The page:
The Blue Box Blog

Emma Lou's adventures in Doctor Who fandom

Doctor Who: “The Angels Take Manhattan” Review

Posted by emmahyam on September 29, 2012

WARNING: THIS POST CONTAINS SPOILERS FOR THE EPISODE

Scream, cry, kick the house down in excitement and reach for a box of tissues its time once again (all too soon it seems) for another Doctor Who mid series finale.

And what a finale, Moffat promised us a blockbuster every week and the past four episodes certainly stuck to that promises, going into this show it seemed we were being set up for an Al Capone type noir adventure full of tommy guns and fancy cars but as always The Moff put a swerve on us. This was very much an emotional story about our core four characters of Amy, Rory, River and The Doctor with everyone else pushed out to being somewhat extraneous characters, there to get our heroes to the right place at the right time.

That seems to be my main criticism of Who these days, if you can call it one, that we never seem to have quite enough time, I wish we could have spent some more minutes with Grayle and The Weeping Angels, surely Moffat’s finest monster creation, they were horrifyingly creepy as always with those nasty little cherubs another nice, if skin crawling addition to the monsters pantheon. That being said they felt a little bit off their game here, not quite as scary or horrible as they have previously been in stories like “Flesh and Stone”. I even began to feel a tiny but of sympathy for the one Grayle had been torturing, it reminded me somewhat of the eponymous Dalek from “Dalek”. I think the Angels are something that works best if they’re kept to being an occasional treat rather than a once-a-series regular, here’s hoping we don’t see them again for a little while.

On to the main meat of the episode then, The Ponds, as Moffat promised there were tears a plenty as Amy and Rory went to happily “live to death” courtesy of the Angels, never to see The Doctor or their daughter, River again. Blimey didn’t it seem a dark prospect, not many Saturday evening family telly shows where a couple commit suicide together! It all came good for them in an odd sort of way though, they got to live a long, happy life together and Moffat gave us a wonderful coming of full circle as we finally got an explanation for that odd little moment from “The Eleventh Hour” with the young Amelia. What he takes away with one hand he gives back with the other, it was a remarkably bitter sweet but fitting ending. That’s not to say that the episode had the air of a funeral as some previous departure episodes have had, there was plenty of humour and running around to be done, I particularly liked the sniping between The Doctor and River and their behavior towards each other raised a smile from me, check out The Doctor fixing his hair before he sees River again.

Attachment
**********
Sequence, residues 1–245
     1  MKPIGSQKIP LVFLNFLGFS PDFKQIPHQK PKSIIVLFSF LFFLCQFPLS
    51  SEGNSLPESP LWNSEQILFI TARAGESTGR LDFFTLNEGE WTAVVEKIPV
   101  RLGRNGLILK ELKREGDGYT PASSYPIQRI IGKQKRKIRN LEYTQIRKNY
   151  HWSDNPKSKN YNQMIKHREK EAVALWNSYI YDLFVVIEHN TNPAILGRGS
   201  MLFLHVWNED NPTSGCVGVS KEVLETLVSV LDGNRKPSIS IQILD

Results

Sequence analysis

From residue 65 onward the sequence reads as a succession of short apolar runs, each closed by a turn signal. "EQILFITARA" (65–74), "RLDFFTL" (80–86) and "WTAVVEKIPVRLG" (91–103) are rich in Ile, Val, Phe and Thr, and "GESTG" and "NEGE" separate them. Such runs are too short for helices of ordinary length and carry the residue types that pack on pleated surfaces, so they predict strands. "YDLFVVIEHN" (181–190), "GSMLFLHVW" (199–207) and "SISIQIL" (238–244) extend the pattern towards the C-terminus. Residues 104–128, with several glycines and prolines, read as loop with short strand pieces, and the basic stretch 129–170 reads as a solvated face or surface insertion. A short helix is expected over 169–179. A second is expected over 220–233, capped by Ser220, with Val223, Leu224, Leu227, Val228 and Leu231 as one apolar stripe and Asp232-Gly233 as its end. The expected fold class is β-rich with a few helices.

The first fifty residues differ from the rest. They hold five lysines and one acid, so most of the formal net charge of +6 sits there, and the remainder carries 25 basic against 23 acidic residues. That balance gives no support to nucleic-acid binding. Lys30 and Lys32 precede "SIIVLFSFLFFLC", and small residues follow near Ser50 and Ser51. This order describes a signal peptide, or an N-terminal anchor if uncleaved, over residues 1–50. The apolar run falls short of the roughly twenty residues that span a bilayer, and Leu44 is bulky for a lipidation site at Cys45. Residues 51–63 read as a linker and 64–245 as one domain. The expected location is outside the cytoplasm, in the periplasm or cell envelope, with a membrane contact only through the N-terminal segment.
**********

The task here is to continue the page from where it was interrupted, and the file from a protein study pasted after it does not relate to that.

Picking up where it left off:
Our core regulars gave marvellous performances across the board, Alex Kingston was smashing selling River’s combination of grief and happiness at the fate of her parents, Karen Gillan and Arthur Darvill continued their good work from the previous episodes as did the wonderful Matt Smith, being particularly effective at portraying The Doctor’s rage and loneliness as once again The Doctor is left alone, albeit with River’s warning not to stay that way for long.

So what next for the good Doctor? It’s on to the Christmas Special and once again we’ve got the prospect of an unsettled, dark Doctor left to forge on through the universe alone, The Doctor says he hates endings and while its all said and done for The Ponds The Lonely God must move on and I for one can not wait to see what adventures and scrapes he gets himself mixed up in next. Roll on December.

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4 Responses to “Doctor Who: “The Angels Take Manhattan” Review”

  1. Matt Zupka said

    So, please forgive what may be a newbie level question about the end of this episode. The Doctor says that if Amy goes gets sent to Rory via the Angels, it would create a fixed point, and he couldn’t save them. Wouldn’t they (the ponds) just be able to leave a message on their tombstones so the Doctor knows where to find them? Or was the book part of the reason a fixed point was created?

    Thanks! Love the review, took great control not to read it before I watched the episode. I thought it was a good episode and a good farewell to our beloved companions.

    • emmahyam said

      The reason The Doctor can’t go and get Rory and Amy is that the actions of the Angels and the paradox Rory had to create to escape them means that the timelines have become so tangled that the TARDIS can’t physically go back to New York, it only managed to get to where River and Rory were in the first place because the Doctor left himself a marker on that Ming vase.

  2. Andy R said

    I haven’t watched Dr Who since I was a kid Emms, but regardless, I love reading anything you write, witty, concise, and you sell the show so well that it really does tempt me to watch it. I don’t know how many people read your stuff, but it should be heaps, you have a rare talent :))

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